Thursday, May 21, 2009

That's the (Medieval) Spirit, Ziggy

Those of you who have tried to click on the images in the last few posts and failed should try again. It seems that when I use Blogger in Explorer, the images I upload are not clickable. I have re-uploaded them all in Firefox. I really, really do not understand why this was necessary, but oh well.

At any rate, only people with eyes even less useful than mine will need to click on today's comic in order to see it properly.* Tom Wilson II does love his huge, huge text. See, look at that: even Blogger's largest font setting doesn't make my text as big as TWII's. I think it's possible that possession of a Sharpie makes him go mad with power.

Today's Ziggy constitutes the next logical progression in TWII's yearning for the past. I have already covered this comic's cutting-edge lampooning of a book series completed a full year previously and its timely exploration of how ten-year-old computers are plotting to kill us all. As you can see, TWII is gradually taking Ziggy farther and farther into the past as he reaches back towards the Middle Ages, where he really wants his strip to take place. Today, he actually kind of gets there.

The comic contains a great deal of medieval content: the presence of the waiter/innkeeper figure, the word "sir," the reference to the bloodthirsty nature of businessmen/merchants, and the concept of the diner actually preparing his own meal from absolute scratch. At first glance, it seems as if TWII is mixing his social classes in a particularly egregious way. The innkeeper calls Ziggy "sir" but implies in the same breath that he is a merchant, then suggests he slaughter his meal like a peasant. "Sir" is a word most usually applied, in the Middle Ages, to the nobility; to call a merchant "sir" would be to commit a ridiculous social gaffe, and to treat a merchant like a peasant would probably make the merchant quite squiffy. However, there is another common usage of the word "sir." It can be uttered contemptuously** and thus carry the implication that the person to whom it is spoken is the opposite of noble. Either the innkeeper is awfully confused about Ziggy's social status, or he is mocking him openly.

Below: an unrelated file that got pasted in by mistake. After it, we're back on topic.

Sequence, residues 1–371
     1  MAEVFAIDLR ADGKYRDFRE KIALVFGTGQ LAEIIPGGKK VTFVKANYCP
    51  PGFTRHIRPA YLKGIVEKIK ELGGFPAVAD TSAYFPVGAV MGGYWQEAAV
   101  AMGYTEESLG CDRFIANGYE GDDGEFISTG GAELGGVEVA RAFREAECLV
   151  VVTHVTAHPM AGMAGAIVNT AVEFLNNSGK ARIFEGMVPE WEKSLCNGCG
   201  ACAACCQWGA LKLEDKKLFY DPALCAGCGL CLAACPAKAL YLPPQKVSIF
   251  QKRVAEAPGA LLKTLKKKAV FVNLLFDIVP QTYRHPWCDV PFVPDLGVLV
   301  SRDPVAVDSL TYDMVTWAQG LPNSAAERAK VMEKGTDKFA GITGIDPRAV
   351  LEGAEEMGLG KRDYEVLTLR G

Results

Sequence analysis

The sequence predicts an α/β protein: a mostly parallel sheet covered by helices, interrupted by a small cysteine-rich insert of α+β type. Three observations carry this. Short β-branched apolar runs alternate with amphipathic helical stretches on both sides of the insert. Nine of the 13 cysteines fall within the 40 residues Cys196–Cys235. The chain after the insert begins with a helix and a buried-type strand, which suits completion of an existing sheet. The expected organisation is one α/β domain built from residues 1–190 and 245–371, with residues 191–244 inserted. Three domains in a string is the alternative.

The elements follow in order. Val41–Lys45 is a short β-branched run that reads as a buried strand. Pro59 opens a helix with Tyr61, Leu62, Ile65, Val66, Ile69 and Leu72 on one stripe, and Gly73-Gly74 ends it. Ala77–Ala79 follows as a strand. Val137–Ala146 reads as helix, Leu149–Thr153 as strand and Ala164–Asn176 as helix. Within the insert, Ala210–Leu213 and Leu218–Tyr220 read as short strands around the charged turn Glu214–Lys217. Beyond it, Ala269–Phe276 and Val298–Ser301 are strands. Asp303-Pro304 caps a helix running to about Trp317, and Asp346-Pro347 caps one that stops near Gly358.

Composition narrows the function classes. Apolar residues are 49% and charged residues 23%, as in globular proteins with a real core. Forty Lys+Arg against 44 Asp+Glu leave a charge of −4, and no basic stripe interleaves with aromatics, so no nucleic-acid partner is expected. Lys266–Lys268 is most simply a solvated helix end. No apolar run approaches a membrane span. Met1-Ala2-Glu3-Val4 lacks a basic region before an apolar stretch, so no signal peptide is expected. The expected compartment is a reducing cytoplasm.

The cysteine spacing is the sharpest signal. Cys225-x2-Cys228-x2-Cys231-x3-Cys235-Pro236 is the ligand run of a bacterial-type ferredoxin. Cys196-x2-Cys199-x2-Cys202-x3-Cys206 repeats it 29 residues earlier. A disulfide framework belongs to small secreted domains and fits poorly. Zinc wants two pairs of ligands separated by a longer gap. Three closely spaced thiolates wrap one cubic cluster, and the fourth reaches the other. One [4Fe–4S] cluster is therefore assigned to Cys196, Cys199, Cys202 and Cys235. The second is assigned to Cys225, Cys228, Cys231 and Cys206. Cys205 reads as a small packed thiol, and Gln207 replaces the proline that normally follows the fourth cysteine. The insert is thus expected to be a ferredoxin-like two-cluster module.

The presence of the bird makes me inclined to go with the latter interpretation. The innkeeper is, in fact, making even more vicious fun of merchants than one might assume. A "businessman"--or, in Middle English parlance, a "sonne of marchaundye" (in other words, a successful businessman)--is someone on his way up in the world: a working man who regards himself as above a peasant in stature, though nobles look down on him for having money but no distinguished ancestry. The innkeeper is drawing attention to Ziggy's lack of blue blood, first by using the word "sir" contemptuously and then by offering to let him slaughter his own lunch and thus implying that Ziggy's money does not materially remove him from the servantless peasant class. Understanding the medieval context of this comic really highlights its meaning.***

Congratulations, Tom Wilson II. You have managed to take your comic all the way back to the Middle Ages. Be careful, however; if you keep this up, you'll be drawing comics about Alexander the Great by next Christmas.

*Plus it won't work. The clicked version will be the same size as the version here. Neener neener.
**For a good, albeit non-medieval, example of this sort of usage, read any scene from any play by William Shakespeare.
***And makes me slightly less eager to punch it.

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